Over the last forty years, the literature has provided detailed information on the description of the AOT as well as treatment options. The lesion is usually predictable in terms of its position within the jaw as well as clinical findings. However, abnormal location and a lack of association with impacted teeth, in addition to pain can make the AOT a more difficult choice when forming a differential diagnosis. It is important that the clinician be well versed in the various clinical findings of the AOT was well as its subtypes.
This article is an unusual representation of a classic lesion, both from its aggressive clinical presentation and the rarity of the subtype. It is important to continue to document atypical characteristics along with rare subtypes.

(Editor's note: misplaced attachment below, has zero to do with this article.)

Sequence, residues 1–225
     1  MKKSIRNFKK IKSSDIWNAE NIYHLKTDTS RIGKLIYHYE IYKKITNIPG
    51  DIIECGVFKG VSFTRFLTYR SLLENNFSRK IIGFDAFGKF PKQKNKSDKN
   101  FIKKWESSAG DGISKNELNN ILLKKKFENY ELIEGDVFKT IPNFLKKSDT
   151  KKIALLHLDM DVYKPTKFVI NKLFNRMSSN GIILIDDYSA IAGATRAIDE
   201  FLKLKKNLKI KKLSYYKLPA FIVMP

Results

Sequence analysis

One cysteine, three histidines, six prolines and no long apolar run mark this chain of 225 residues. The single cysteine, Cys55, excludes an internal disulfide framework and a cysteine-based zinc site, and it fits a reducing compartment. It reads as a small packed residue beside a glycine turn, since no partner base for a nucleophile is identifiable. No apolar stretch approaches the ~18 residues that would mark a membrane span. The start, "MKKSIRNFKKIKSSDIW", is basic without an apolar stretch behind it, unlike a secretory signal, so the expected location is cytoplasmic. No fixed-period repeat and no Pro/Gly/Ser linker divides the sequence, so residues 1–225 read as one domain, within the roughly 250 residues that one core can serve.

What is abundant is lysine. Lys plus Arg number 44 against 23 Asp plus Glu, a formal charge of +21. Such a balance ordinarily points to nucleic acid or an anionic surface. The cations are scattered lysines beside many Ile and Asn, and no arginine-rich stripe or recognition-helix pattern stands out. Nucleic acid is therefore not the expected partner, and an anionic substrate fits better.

- Philipsen HP, Reichart PA. Adenomatoid odontogenic tumour: facts and figures. Oral Oncol. 1999; 35: 125-131.
- Philipsen HP, Reichart PA, Siar CH, Ng KH, Lau SH, Zhang X, et al. An updated clinical and epidemiological profile of the adenomatoid odontogenic tumour: a collaborative retrospective study. J Oral Pathol Med. 2007; 36: 383-393.
- Ide F, Mishima K, Kikuchi K, Horie N, Yamachika S, Ssatomura K, et al. Development and growth of adenomatoid odontogenic tumor related to formation and eruption of teeth. Head Neck Pathol. 2011; 5: 123-132.
- Rick G. Adenomatoid odontogenic tumor. Oral Maxillofac Surg Clin North Am. 2004; 16: 333-354.
- de Matos FR, Nonaka CFW, Pinto LP, Souza LB, de Almeida Freitas R. Adenomatoid odontogenic tumor: retrospective study of 15 cases with emphasis on histopathologic features. Head Neck Pathol. 2012; 6: 430-437.
- Ide F, Muramatsu T, Ito Y, Kikuchi K, Miyazaki Y, Saito I, et al. An expanded and revised early history of the adenomatoid odontogenic tumor. Oral Surg Oral Med Oral Pathol Oral Radiol. 2013; 115: 646-651.